the BigAmateurism monologues

A series of events over the last 18 months—some unforeseeable—have created a perfect storm that will change college sports forever. The NCAA's bait an…
Dec 16th, 2021 | 1:05:47

80: Auburn’s Fake Pearl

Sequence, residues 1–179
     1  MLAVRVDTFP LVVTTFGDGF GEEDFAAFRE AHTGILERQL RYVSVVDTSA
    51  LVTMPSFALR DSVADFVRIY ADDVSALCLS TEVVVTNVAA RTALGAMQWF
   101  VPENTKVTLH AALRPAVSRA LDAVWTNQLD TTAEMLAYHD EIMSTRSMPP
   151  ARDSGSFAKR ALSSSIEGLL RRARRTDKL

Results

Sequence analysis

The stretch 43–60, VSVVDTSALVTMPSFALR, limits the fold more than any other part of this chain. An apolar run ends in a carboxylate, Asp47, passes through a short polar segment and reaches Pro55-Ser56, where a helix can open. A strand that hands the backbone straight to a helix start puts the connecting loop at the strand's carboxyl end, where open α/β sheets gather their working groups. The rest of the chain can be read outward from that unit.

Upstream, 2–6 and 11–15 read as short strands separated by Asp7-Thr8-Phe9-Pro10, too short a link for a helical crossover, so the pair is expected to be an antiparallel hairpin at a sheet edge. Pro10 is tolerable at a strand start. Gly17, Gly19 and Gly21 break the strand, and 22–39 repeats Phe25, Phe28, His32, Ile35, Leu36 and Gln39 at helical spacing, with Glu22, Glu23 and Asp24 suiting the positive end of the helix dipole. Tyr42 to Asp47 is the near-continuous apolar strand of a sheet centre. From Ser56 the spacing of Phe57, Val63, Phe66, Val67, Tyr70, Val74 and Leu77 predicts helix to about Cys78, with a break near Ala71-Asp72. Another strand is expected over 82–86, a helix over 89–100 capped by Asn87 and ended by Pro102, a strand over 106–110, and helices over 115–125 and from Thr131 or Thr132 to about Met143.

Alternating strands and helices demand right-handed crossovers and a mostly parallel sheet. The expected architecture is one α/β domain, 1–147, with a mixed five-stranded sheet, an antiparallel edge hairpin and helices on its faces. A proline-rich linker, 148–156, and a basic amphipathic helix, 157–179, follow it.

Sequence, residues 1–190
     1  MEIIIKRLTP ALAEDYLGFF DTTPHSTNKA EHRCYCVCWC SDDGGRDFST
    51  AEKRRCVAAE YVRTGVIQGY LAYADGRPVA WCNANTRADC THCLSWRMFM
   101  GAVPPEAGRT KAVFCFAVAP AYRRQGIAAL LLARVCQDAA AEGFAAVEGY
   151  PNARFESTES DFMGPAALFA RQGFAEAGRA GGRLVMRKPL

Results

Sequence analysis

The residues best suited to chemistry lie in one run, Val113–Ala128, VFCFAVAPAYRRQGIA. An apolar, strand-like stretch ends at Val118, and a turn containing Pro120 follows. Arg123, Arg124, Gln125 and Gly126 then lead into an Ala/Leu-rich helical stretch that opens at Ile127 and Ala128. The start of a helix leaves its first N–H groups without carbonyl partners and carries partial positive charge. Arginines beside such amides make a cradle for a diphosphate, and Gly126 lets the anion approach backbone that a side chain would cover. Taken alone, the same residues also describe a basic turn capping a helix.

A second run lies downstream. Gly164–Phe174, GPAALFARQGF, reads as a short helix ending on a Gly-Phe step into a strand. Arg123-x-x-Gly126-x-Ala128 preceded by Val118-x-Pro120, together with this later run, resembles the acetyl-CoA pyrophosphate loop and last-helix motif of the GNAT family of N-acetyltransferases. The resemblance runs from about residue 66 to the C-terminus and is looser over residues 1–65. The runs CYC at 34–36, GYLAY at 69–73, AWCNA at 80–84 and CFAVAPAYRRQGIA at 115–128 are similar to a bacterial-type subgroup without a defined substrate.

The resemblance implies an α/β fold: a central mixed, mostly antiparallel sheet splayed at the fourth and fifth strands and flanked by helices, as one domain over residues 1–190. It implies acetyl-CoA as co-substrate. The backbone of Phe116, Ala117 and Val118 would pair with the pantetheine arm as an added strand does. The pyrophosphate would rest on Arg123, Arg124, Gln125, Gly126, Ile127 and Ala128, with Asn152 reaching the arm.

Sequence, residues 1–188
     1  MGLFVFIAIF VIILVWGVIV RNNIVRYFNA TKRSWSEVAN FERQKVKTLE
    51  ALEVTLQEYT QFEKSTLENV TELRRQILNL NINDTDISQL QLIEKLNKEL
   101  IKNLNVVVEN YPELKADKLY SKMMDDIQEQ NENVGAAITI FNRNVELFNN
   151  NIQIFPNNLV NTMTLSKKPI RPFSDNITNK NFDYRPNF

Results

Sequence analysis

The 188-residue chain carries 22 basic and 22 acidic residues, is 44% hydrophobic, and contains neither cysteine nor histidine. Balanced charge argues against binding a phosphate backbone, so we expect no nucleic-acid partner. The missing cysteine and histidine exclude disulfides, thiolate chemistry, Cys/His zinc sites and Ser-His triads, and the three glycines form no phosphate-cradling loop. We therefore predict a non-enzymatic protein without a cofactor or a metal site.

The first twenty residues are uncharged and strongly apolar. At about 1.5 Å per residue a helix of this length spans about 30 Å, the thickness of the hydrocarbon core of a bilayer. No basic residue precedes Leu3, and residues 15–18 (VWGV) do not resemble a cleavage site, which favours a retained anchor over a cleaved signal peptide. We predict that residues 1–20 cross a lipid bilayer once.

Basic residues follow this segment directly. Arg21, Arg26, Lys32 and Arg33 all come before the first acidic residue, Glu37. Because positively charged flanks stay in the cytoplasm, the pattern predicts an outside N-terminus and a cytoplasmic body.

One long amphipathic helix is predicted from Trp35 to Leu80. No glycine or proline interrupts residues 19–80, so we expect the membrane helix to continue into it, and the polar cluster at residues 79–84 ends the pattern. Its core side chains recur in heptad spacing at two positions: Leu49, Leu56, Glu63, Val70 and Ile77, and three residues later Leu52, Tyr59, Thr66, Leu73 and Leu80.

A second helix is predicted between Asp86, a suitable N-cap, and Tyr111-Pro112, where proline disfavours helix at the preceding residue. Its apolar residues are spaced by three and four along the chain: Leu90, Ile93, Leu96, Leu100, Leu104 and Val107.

On December 10, 2021, the NCAA Committee on Infractions (COI) issued a head-scratching decision in the Auburn University basketball “scandal” case. Despite finding that Auburn head coach Bruce Pearl committed a Level I (most egregious) violation because of his failure to adequately monitor lead assistant coach Chuck Person—a former Auburn and NBA basketball star—Pearl received a merely tap on the wrist. Person was swept up in an FBI sting in which a professional athlete financial advisor (and FBI informant) paid Person to steer NBA-quality Auburn players to the advisor. The advisor—Marty Blazer—faced decades of jail time in a completely unrelated case and used his knowledge of “corruption” in college basketball—and his cooperation with the FBI— to avoid jail time. Person accepted money from Blazer/FBI and paid a small amount to two athletes and their parents. Person was arrested in September 2017 and charged with multiple counts of wire fraud and honest services crimes under federal law. Auburn immediately fired Person and suspended the athletes implicated in the transactions. Person pleaded guilty and was sentenced to two hundred hours of community service and two years of probation. After the criminal case, the NCAA began its infractions and enforcement action against Auburn and at least eleven other universities caught up in the “scandal." After three years of investigation, the NCAA issued its opinion last Friday. Although the tone of the NCAA’s opinion was noticeably more charitable than previous basketball “scandal”-related opinions, the NCAA threw the book at Person through a “show cause” order that made Person unemployable. Head Coach Bruce Pearl, the darling of ESPN and a “made man” in the high-level basketball coaching community, continues to draw a $4 million salary. Even more puzzling was that when Auburn hired Pearl he was under a three-year “show cause” order for Level I violations in 2011 when he was the head coach at Tennessee. Auburn’s hiring of Pearl was unprecedented in college sports because a primary purpose of a show cause order is to make a coach unemployable for its duration. This episode analyzes the Auburn decision and the disparate treatment for “made men” like Pearl and the dispensable underlings like Person and the athletes.